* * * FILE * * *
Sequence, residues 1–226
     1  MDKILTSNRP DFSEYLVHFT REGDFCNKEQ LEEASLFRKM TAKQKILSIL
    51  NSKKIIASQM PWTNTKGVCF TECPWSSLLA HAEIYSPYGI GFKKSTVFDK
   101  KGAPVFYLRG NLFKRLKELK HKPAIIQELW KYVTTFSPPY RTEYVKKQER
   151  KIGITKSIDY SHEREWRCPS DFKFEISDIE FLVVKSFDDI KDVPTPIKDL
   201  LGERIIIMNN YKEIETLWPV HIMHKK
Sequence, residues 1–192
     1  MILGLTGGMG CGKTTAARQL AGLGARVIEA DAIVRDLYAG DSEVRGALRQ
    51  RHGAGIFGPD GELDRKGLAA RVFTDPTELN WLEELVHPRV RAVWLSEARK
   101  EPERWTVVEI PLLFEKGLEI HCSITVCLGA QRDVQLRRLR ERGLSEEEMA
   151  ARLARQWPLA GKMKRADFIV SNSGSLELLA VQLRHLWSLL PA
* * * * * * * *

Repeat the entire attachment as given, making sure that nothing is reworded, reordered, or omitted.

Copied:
Sequence, residues 1–226
     1  MDKILTSNRP DFSEYLVHFT REGDFCNKEQ LEEASLFRKM TAKQKILSIL
    51  NSKKIIASQM PWTNTKGVCF TECPWSSLLA HAEIYSPYGI GFKKSTVFDK
   101  KGAPVFYLRG NLFKRLKELK HKPAIIQELW KYVTTFSPPY RTEYVKKQER
   151  KIGITKSIDY SHEREWRCPS DFKFEISDIE FLVVKSFDDI KDVPTPIKDL
   201  LGERIIIMNN YKEIETLWPV HIMHKK
Sequence, residues 1–192
     1  MILGLTGGMG CGKTTAARQL AGLGARVIEA DAIVRDLYAG DSEVRGALRQ
    51  RHGAGIFGPD GELDRKGLAA RVFTDPTELN WLEELVHPRV RAVWLSEARK
   101  EPERWTVVEI PLLFEKGLEI HCSITVCLGA QRDVQLRRLR ERGLSEEEMA
   151  ARLARQWPLA GKMKRADFIV SNSGSLELLA VQLRHLWSLL PA